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Starbucks croissant makeover working

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By Candice Choiap
Associated Press
  • Starbucks says its quarterly profit rose by 25 percent as it benefited from lower coffee costs.

    Associated Press

    Starbucks says its quarterly profit rose by 25 percent as it benefited from lower coffee costs.

NEW YORK — Starbucks was never exactly known for its croissants — or any of the baked goods, for that matter.
Now, however, the company is seeing early signs of promise for its revamped lineup of sweets, which has made its way to about a third of its U.S. cafes. In an earnings call Thursday, Starbucks’ chief financial officer Troy Alstead said croissant sales have doubled wherever the new recipes have been introduced.
The changes started back in 2012, after Starbucks paid $100 million to acquire La Boulange, a small bakery chain based in the San Francisco Bay Area. Starbucks had long been criticized for its underwhelming baked goods, so the company saw it as an opportunity to improve their image — and significantly boost sales.
The idea: Get more people to add a croissant or lemon loaf to their purchase whenever they stop in for a latte.
Right now, only about a third of transactions include food and the company wants to push up that figure.
It’s not just the new croissants that are doing well. The company says it’s also selling twice as many of its new “morning buns” and cheese Danishes, although it didn’t provide details on the performance of other new items, such as its loaves or savory croissants.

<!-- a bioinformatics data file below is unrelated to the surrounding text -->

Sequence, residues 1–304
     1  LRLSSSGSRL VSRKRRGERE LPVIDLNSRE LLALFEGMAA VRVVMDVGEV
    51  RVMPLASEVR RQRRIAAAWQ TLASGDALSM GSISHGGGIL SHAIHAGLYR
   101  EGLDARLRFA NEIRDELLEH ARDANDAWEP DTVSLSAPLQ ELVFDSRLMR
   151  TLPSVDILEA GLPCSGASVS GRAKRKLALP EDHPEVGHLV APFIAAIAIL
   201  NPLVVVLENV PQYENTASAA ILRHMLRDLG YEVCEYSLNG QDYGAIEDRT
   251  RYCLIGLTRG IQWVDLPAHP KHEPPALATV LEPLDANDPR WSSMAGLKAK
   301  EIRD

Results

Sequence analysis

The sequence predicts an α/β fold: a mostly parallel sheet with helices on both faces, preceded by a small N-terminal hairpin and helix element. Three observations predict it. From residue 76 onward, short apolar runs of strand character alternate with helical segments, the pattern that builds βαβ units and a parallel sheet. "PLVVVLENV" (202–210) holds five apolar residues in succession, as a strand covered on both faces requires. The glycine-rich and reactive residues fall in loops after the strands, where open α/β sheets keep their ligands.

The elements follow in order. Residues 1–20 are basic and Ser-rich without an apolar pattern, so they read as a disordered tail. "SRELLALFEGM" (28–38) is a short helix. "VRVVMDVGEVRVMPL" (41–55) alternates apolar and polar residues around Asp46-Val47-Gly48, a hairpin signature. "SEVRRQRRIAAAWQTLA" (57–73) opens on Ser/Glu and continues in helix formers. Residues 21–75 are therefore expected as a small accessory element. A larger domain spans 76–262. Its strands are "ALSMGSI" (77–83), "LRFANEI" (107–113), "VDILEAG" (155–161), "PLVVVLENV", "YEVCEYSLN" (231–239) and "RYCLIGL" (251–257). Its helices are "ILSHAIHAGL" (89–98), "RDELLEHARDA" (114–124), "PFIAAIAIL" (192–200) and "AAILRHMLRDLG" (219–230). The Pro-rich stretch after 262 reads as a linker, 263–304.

During the call, however, Alstead said that the staggered rollout of the new baked goods is “complex,” given the size of the company’s business.
“It’s a big operational change, it’s a big supply chain change” he said.
One reason is that the new items are warmed up in ovens. Starbucks says it flash freezes the new baked goods right after they’re made, so warming them up later in stores brings out the flavors.
But Starbucks needs to be careful that the warming process doesn’t slow down operations, which in turn could drive away impatient customers.
It’s too early to tell whether the sales bump will stick — it could be that people were just curious and decided to give them a try. Customers who like them will have to pay a little extra; the new croissant is $2.25, a 15 percent markup from $1.95 for the old croissants.
Starbucks says the baked goods have made their way into roughly 3,500 cafes, including ones in the Seattle and Spokane areas. The company expects they’ll be in all U.S. stores by the fall.
Story tags » Economy, Business & FinanceStarbucks



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